When I Met the Woman Who Was Wearing the Night Before — by Brooke Taylor Aganovich‘Hairport Lounge’. That's what the sign says, ‘Hairport Lounge’. The red letters on the poster entice, ‘Meet your loved ones with a new cut for only 14.99’. I don't know when my flight is but as long as this plastic bag is around my neck I don't need to worry. I keep taking it off. It makes me public property. Every time one of the pencil ladies walks past with those scarves that no one wears outside an airport, they clickety-click over to me and pick up the plastic envelope from the seat where I've put it and place it back around my neck tut-tutting, then they look at the card and look at their watch, as though taking my pulse, and move along. It says ‘Unaccompanied Minor’ on the plastic and the edge of the strap cuts into my neck. I don't want everyone knowing I'm an unaccompanied minor. The other children with their parents look at me as though I'm deformed. The free coloured crayons that come with the pack break when I try and draw.
I take out a book I stole from my aunt, an airport book, an airport lounge book, but it's a seventies airport lounge book, an Asian invasion intrigue book, full of words like ‘ninja’, ‘shuriken’ and ‘gaijin’, not a nineties cyberpunk intrigue book. If I put the book on its back I can see where all the good bits are. It saves time. Page 32, Agent Takashi gives General Onegin a blow job at his villa in the Crimea to get secrets about the new nuclear airplane. She knows what she's doing, she's been trained. Because apparently when men are having sex they can't help talking about work, particularly the things they're not meant to talk about. So General Onegin mumbles a lot of secret codes while he's holding Agent Takashi's ears, along with the name of his ex-wife. I can feel my knob go stiff. But that all changes when I suddenly think of my aunt.
Her house is like a museum, a homage to the seventies. Nothing has changed in there since her last husband died in 1978. Even her clothes and her dark glasses are the same. The glasses are worth seeing; these huge Pierre Cardin purple things with lenses the size and shape of television screens. Every time I'm sent to stay with her she gives me this cunning, in-the-know, smile and says “you know Isak I don't worry because the way fashion works these days I'm due to be very hip again anytime soon.” It's her lawyer that told her this, her only friend, but even he's on a payroll. I never say anything but with an ass that could plug the hole in the ozone layer and a nose gone red from too much Lambrusco she shouldn't hold her breath. The only thing hip about her is her record collection and that only because she bought them when she was still capable of love, before her first husband fell off a speed boat in Hong Kong harbour and drowned. I'm allowed to look at them but not to touch which is sort of silly since I've been stealing them in two's and three's for several years now; first edition Rolling Stones and Hendrix. She says all that music is too loud and jumpy. There's writing on every record cover; ‘Can't wait to listen to this with you...’, ‘For ever baby...’, ‘Check this out, I cried and thought of you…’. All I'm allowed to play is Sade, Phil Collins and Julio Iglesias and really low too.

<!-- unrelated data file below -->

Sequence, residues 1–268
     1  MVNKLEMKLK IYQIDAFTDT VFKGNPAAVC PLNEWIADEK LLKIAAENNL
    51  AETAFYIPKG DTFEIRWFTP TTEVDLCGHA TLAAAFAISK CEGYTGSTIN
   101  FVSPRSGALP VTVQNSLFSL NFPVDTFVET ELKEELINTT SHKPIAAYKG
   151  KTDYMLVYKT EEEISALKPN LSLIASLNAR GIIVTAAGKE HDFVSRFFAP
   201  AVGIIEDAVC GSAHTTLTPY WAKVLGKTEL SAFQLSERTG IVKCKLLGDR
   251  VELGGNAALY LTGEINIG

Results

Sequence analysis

She lives in un-musical world, and that's why she doesn't like me. I move like the notes of a sitar. There is a slight panic in her eyes when she watches me move around the apartment which I wouldn't call a home. It's more like a pyramid where everything has been displayed in preparation for the afterlife. If our civilisation was suddenly hiroshima'd and her apartment was preserved, by fallout future civilisations would think we embalmed our dead in tie-dye silk with lava lamps and lots of curved white furniture, “for traversing the heavens”;
“—and the great big purple square eye lenses, professor?”
“No doubt in anticipation of seeing the Divine Light, the Celestial Bodies....”
And so she's careful when I'm there. As if, in each of my movements, sound has already broken everything. The phrase “don't touch that Isak” hangs from her lips like a nicotine tattoo ready to fall off at any moment. I don't blame her because once I apparently did try and break everything. It's one of those family stories that I was too young to remember. Left alone in the apartment for a few minutes I got bored, so the story goes, and took an American football out of the closet and started to kick it all over the place like I was a two legged flipper on a pinball machine. I couldn't have broken that much because the place is still stuffed, unless as Plato insists, everything in this world is a copy taken from the ideal, and my aunt, bless her discretion, has a catalog of the infinite from which she can order replacements. But anyway, the story goes that when they found me I was hysterical, just laughing all crazy like and scoring field goals all over the place. The doctor was called and they gave me a shot.
So I suppose she has some reason to be nervous, especially since, knowing I like music she must find it curious that I will often not bother playing the music she likes. I prefer to attend the music of silence than confirm the world with Phil Collins. Wouldn't you, in a house where the sofa has a plastic cover on it? “Easier to clean,” she says. But when you sit on it it makes this terrible crunching sound. I don't think my aunt hears it though it scares the hell out of me. I can't help it, I always think of a dancing skeleton, the crunchiness being the sound his bones make when they touch.
Proposed by Dandyakuza on Thursday 20 May 2010 at 01:08 PM